4. Become the CEO of Your Law Firm
As you may know, "become the CEO of your law firm" is my rallying cry. Before my son was born, I was very lasseiz-faire about running my firm. I enjoyed the work, got paid by most of my clients most of the time, and had the quality of life I wanted. (I was living mainly in Cabo San Lucas and coming back and forth for casework as needed.) I felt content with how things were going.
Then, things changed. A hurricane hit Cabo while I was 7 months pregnant and vacationing in the States for my baby shower. All that we had were our carry on suitcases and had to start over from here. Two months later, my son was born. It was time to get serious.
I decided that my firm isn't a passion project, it is a business, and it needs to be a successful business at that. Every moment that I spent at the office was a moment away from my baby, and if I was going to be away from my baby, then it needed to serve its purpose: providing for my family. That is when I developed so much of what has made my firm profitable to this day. Regular monthly billing, easy to use templates, training manuals, and more have changed my business completely. I still work continuously on streamlining my firm to do excellent quality work while implementing processes to make things easier, faster, and even better.
5. Join a Community for Support
As new moms, we need to surround ourselves with other mothers and women to help support us. There is so much to learn and so much to navigate. I have many beautiful friends and circles of women who supported me and still support me in this motherhood journey, but I still felt like I needed more. I was looking to find a group of women who were more internationally-minded, who may be bilingual and bicultural, who are professionals, who may have a non-traditional home situation (such as a husband who stays at home while the wife works), and so on. That is when I created AMIGA and found a community of like-minded women (would it sound too cheesy to call you my "soul sisters," because I see it that way?!), which has transformed the last 6 months of my time as a mother.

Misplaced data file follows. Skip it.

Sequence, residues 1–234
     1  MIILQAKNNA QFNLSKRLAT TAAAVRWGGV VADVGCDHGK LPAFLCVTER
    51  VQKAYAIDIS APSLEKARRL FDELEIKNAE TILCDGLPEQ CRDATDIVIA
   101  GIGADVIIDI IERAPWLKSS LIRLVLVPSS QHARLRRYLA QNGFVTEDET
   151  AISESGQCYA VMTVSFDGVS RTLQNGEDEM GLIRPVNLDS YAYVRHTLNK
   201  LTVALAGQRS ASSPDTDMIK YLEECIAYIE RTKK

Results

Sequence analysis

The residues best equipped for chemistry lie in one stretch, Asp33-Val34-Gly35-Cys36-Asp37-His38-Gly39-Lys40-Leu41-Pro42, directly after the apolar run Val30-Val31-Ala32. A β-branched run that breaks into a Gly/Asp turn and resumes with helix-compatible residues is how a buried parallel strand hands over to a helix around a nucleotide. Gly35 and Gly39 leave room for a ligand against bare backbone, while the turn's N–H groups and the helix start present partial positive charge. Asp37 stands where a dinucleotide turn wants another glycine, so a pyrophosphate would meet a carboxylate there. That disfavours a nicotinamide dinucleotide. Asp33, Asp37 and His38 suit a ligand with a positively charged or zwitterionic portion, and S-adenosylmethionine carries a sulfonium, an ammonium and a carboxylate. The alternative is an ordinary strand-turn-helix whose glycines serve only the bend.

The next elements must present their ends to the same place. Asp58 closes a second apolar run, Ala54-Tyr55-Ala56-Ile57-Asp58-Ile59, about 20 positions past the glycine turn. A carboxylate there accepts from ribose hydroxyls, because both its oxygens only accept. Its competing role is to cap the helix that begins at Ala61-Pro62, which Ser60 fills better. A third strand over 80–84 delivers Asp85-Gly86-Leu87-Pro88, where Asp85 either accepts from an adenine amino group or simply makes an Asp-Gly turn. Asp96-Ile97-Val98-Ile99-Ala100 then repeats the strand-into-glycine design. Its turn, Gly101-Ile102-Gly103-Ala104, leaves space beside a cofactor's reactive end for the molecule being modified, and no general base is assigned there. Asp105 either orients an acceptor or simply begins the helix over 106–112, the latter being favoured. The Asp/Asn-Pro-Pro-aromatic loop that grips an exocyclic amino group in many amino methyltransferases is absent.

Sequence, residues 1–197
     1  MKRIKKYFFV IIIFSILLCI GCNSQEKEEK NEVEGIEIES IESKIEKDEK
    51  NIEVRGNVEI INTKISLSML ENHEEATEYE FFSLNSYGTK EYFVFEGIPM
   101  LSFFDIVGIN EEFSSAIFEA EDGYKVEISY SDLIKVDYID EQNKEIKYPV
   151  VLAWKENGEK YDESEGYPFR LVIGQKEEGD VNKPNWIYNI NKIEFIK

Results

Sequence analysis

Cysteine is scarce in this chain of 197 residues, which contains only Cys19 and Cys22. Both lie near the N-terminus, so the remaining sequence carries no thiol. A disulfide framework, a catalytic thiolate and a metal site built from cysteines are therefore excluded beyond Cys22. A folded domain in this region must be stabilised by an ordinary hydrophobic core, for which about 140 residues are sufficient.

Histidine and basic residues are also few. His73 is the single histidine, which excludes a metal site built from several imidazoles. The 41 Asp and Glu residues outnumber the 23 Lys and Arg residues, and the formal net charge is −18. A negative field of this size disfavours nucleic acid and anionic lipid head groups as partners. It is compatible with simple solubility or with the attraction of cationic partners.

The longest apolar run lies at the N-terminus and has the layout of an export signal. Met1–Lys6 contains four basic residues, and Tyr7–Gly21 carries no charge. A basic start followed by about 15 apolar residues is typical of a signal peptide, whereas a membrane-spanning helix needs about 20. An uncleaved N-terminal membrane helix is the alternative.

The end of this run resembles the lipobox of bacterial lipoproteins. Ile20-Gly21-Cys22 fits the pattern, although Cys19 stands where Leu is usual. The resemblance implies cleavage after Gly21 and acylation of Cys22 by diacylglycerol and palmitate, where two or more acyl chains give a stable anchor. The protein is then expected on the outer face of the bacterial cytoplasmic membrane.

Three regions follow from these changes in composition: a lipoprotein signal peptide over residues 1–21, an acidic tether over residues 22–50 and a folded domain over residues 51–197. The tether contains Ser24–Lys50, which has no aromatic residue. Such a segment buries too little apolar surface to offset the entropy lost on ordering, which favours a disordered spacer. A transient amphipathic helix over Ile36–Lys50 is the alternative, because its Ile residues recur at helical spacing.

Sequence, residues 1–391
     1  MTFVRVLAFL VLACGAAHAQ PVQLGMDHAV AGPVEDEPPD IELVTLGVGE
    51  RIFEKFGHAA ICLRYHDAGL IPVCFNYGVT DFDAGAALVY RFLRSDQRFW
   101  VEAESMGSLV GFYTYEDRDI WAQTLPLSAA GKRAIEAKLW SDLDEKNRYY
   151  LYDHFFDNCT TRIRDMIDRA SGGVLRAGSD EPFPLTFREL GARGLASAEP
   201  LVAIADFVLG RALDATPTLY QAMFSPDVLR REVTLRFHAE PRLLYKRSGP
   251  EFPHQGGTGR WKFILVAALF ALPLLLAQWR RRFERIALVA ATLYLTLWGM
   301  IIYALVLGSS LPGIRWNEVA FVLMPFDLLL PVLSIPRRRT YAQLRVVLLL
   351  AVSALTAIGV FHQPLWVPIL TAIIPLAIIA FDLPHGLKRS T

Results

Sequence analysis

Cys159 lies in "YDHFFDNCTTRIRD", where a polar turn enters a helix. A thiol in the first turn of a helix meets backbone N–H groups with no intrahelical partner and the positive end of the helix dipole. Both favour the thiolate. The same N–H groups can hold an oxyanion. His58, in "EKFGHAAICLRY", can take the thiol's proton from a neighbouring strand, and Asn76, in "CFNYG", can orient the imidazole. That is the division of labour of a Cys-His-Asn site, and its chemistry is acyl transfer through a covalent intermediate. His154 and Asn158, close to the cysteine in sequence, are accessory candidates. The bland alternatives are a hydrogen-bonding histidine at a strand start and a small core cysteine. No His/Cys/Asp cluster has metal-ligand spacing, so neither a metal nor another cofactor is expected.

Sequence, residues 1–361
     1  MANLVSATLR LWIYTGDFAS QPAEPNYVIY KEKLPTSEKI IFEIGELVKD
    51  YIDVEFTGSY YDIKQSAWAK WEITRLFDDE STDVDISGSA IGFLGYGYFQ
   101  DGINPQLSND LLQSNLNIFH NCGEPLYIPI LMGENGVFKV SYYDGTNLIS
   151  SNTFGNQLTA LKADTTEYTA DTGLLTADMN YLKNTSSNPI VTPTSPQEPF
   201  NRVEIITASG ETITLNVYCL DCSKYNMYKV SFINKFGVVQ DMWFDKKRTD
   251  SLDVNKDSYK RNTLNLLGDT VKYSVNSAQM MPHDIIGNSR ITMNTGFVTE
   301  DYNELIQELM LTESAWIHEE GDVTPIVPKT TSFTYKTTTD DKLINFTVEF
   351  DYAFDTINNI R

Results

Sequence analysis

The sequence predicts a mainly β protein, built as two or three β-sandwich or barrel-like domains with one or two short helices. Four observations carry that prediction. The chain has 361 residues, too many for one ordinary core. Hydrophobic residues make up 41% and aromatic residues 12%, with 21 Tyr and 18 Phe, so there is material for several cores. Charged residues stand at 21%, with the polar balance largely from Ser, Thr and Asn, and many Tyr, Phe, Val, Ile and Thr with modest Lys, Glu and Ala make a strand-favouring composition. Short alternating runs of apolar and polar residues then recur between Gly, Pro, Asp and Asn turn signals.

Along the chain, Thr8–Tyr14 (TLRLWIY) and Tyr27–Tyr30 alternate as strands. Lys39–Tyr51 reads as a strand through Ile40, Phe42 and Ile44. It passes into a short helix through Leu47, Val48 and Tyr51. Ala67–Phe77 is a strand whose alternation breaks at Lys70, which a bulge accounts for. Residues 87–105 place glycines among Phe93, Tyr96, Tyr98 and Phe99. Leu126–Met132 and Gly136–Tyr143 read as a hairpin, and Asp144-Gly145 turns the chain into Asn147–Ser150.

Find a place where you feel at home. Maybe a local PEPs group is your thing or a bar association for mothers has been meaningful for you. Of course, it is my sincerest hope that every mother immigration attorney in the country finds a home in AMIGA. Regardless of where you go, be sure that you feel supported, uplifted, and honored as you make your way through this exciting journey of being a mother and a lawyer.
What lessons have you learned as a mother and solo practitioner? Leave your comments below!
About your Ally in Life, Business and Law:
Alexandra "Ally" Kennedy is a national award-winning attorney and the founder of AMIGA Lawyers and Alexandra Kennedy Immigration Law.. After becoming a mother, and in a matter of 3 months, Ally transformed her practice from earning in pesos to earning 6-figures and she is passionate about teaching attorneys how they can do the same. Ally empowers lawyers to be the CEOs of their law firms with her weekly blog, webinars, and conferences where she teaches step-by-step how to do the work they love while running a profitable legal business. Ally lives outside of Seattle with her partner and their 5 children.